It was 7:30 in the morning– day 12 of the trip. I’d been up since 5:00 because I had yet to acclimate to the high pitch crows from the 10 roosters outside my window. Dr. Saravia, our economics professor, let us know that we would be traveling to three different coffee plantations.
Thirty minutes later, the big blue bus came roaring up to Hotel Roland. All of us in the economics and Spanish groups grabbed our hiking bags and loaded up the bus. I sat at my normal spot in the far back, left corner. I stayed with the routine. I took out my Bluetooth speaker, synced up my phone, and played the same first song– “Take Me Home, Country Roads” by John Denver.
“Country roads, take me home to the place, I belong…”
The words rang in my ears as we trudged up the side of the Andes. I couldn’t help but think about my childhood– the times with Pops out in the front yard throwing the ball, the times where I’d come home from practice and Mom would have a hot meal waiting for me. That was home.
The first group got off the bus. When I realized Arturo was leading the group, I decided to go with him. Sarah, my partner during the excursions, looked at me with disdain. She knew Arturo would probably take us on some ridiculously long hike to see a meager 25 coffee plants. After we got off, Arturo asked for one more group. Dr. Saravia, Andy, and Oscar agree to come with us.
We were 10 minutes into the uphill walk. Mosquitos swarmed and our legs burned. Of course, I didn’t have my long sleeves on either. But, my mom was always a step ahead. I reached into my backpack, pulled out the bug spray, and lathered my arms. The mosquitos changed course.
We continued climbing, avoiding mud puddles, limbs, and the beaming sun. We passed house after house, and I couldn’t help but think of the difficulties those people must encounter every time they want to go to the store. There was no way someone could drive on that battered road.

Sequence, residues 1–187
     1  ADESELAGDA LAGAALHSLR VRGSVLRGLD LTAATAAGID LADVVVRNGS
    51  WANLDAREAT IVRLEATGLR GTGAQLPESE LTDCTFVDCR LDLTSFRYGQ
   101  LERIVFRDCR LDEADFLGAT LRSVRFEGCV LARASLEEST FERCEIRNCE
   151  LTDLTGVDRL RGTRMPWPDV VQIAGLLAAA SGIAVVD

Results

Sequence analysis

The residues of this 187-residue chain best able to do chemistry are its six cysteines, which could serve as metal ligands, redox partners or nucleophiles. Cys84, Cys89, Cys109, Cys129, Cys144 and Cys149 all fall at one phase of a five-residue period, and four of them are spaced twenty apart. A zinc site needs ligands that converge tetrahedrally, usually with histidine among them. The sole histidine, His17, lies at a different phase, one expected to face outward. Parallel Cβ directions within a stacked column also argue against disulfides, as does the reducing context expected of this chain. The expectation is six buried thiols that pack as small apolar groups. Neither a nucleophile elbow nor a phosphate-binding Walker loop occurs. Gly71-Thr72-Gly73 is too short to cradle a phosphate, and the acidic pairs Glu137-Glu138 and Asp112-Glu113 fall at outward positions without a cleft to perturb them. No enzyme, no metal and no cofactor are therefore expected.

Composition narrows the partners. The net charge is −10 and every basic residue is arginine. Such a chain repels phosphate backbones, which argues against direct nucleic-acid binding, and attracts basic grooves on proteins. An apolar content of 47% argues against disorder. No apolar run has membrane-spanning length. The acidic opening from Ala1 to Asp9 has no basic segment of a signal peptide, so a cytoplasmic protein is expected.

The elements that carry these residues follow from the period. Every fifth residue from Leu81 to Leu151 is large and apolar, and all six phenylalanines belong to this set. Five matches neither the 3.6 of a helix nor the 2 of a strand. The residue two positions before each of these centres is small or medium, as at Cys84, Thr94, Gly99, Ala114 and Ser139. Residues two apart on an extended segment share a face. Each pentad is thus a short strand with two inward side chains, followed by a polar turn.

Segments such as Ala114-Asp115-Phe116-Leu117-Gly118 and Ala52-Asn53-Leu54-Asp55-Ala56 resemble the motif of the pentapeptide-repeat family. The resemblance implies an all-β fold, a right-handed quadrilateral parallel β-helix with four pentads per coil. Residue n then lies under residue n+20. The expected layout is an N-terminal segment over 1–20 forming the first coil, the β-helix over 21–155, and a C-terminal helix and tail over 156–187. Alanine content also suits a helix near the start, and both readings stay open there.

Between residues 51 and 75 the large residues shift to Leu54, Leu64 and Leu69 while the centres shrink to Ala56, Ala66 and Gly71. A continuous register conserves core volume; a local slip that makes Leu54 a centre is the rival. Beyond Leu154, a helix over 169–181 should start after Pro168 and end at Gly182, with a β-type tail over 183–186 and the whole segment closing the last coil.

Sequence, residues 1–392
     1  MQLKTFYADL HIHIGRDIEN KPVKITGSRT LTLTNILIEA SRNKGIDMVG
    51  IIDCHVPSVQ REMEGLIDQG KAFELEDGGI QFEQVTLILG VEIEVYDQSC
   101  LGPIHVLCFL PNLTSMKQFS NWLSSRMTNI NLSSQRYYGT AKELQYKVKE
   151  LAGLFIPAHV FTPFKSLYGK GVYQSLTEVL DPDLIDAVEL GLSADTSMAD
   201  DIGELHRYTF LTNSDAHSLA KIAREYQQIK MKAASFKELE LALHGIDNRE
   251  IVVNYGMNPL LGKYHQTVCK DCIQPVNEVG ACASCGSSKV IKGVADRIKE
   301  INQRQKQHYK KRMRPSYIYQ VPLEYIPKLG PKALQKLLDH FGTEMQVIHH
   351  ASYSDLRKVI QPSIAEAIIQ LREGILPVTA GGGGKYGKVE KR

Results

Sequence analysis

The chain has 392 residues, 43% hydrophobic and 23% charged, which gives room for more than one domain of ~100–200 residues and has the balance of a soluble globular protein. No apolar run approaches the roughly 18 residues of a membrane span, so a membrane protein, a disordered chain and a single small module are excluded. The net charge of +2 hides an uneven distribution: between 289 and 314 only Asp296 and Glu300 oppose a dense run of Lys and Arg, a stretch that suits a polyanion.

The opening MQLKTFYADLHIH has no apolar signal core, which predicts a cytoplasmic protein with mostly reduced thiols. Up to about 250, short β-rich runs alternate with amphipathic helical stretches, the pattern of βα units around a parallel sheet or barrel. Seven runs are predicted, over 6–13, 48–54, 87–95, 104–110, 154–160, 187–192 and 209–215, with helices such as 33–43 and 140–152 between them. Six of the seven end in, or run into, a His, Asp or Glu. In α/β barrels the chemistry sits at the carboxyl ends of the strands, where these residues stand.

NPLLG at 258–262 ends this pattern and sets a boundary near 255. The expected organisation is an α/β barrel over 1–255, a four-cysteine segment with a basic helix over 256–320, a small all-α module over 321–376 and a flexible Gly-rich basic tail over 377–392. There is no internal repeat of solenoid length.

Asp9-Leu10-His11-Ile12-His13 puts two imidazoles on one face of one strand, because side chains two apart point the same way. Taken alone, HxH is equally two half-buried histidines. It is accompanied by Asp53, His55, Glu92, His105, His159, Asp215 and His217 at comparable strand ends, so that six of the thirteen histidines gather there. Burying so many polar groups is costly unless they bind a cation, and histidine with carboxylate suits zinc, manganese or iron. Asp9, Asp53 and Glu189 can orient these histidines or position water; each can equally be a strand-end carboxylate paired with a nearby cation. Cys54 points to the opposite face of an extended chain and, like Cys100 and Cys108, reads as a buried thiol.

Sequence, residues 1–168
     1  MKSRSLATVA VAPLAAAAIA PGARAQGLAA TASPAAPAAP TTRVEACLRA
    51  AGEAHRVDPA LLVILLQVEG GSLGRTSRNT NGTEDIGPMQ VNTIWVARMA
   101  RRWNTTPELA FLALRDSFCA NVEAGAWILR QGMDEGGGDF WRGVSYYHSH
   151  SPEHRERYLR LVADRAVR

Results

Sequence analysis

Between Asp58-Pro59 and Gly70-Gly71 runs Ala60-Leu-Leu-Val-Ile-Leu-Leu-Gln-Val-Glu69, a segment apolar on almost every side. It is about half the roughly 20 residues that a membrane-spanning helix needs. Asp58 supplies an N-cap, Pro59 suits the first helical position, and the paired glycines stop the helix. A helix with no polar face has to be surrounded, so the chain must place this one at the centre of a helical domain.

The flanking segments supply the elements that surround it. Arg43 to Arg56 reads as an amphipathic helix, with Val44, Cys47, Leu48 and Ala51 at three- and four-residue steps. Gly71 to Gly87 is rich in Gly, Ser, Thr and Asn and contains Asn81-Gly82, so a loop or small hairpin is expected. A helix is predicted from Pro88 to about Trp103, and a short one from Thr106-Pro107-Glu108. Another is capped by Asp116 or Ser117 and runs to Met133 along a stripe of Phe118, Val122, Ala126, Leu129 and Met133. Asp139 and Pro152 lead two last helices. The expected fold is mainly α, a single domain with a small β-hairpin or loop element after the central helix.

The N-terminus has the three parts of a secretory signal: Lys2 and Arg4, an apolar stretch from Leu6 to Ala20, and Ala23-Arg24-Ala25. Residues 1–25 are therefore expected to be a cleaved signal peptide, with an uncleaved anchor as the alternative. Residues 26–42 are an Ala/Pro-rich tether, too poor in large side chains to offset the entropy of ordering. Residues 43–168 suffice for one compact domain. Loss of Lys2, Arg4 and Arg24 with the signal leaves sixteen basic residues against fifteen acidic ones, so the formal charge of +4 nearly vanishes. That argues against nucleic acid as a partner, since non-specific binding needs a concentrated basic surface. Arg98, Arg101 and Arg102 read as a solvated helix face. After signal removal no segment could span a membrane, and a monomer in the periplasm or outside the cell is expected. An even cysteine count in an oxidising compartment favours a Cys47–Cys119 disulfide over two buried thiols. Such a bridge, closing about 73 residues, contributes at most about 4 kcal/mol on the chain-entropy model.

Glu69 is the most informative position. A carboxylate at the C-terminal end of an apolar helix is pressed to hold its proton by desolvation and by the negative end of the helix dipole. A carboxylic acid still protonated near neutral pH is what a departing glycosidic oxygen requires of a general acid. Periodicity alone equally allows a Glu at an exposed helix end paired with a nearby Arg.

How do these people manage to survive? Is home where you make it?
My mom comes into my room.
She asks, “Shane, would you like breakfast?”
I open my eyes for the first time in the last 9 hours. I immediately smell the bacon.
“Of course! I’ll be there in a minute.”
I get up. Open my wooden dresser. And put on clothes my mom bought for me just a month ago.
I walk into the kitchen. Pops is sitting there with an untouched plate of French toast and bacon, waiting for my arrival.
Mom has already made my dish. I sit down. The steam rises.
Dad and I engage in our normal, deep conversations– discussing his favorite quotes that he thought of last night.
“I’d trade a month of tomorrows for one yesterday.”
We sit and ponder its meaning, deciphering its significance within our own lives. Dad tells me he heard it in a song. I look it up. We sit together, father and son, listening to Willie Nelson sing: “I’d trade all of my tomorrows for just one yesterday. For what good is life without the one you love?”
We’d been walking up the mountain for an hour now. We heard a machete clearing dead vegetation. Arturo told us that the plantation was run by a farmer and his son. We got to the gate, and Arturo yelled, “Hola. Buenos Dias!”
A young boy greeted us. He was pouring sweat. His clothes were war-torn and beaten from the laborious work. It’s 9:30 in the morning. He told us that he would get his father.
A minute later, a short man approached dripping sweat and with a machete in his right hand. Arturo told him about our project, letting him know that we would like to ask questions about his plantation. He obliged as his son stood beside him.
“How many coffee plants do you have?”
“What other types of crops do you have?”
“Oranges and Jackfruit.”
“Who works at your plantation?”
“My son and me.”
“What types of fertilizer do you use?”
“I only use natural fertilizers. I use the waste from my animals and the pulp from the coffee cherries.”
“Where do you sell your product?”
“I sell some at the local market, but most of the coffee is for my family’s consumption.”
“Would you sell the coffee in the U.S. if there was a market for it?”
“If there was a market for it, would you want people to know that the coffee came from your plantation?”
He smiled. Blinking slowly and putting an arm around his son, he said, “Yes.”
“Can we go throw the ball, Dad?”
“Sure. Let me help your mother with the dishes and put on my shoes.”
I run out to the garage and get Dad’s white Reebok classics and his faded, tan ball glove. I sit the shoes by Dad’s chair at the kitchen table and put his mitt on the countertop. I get my glove and a ball from my room and head back to the den.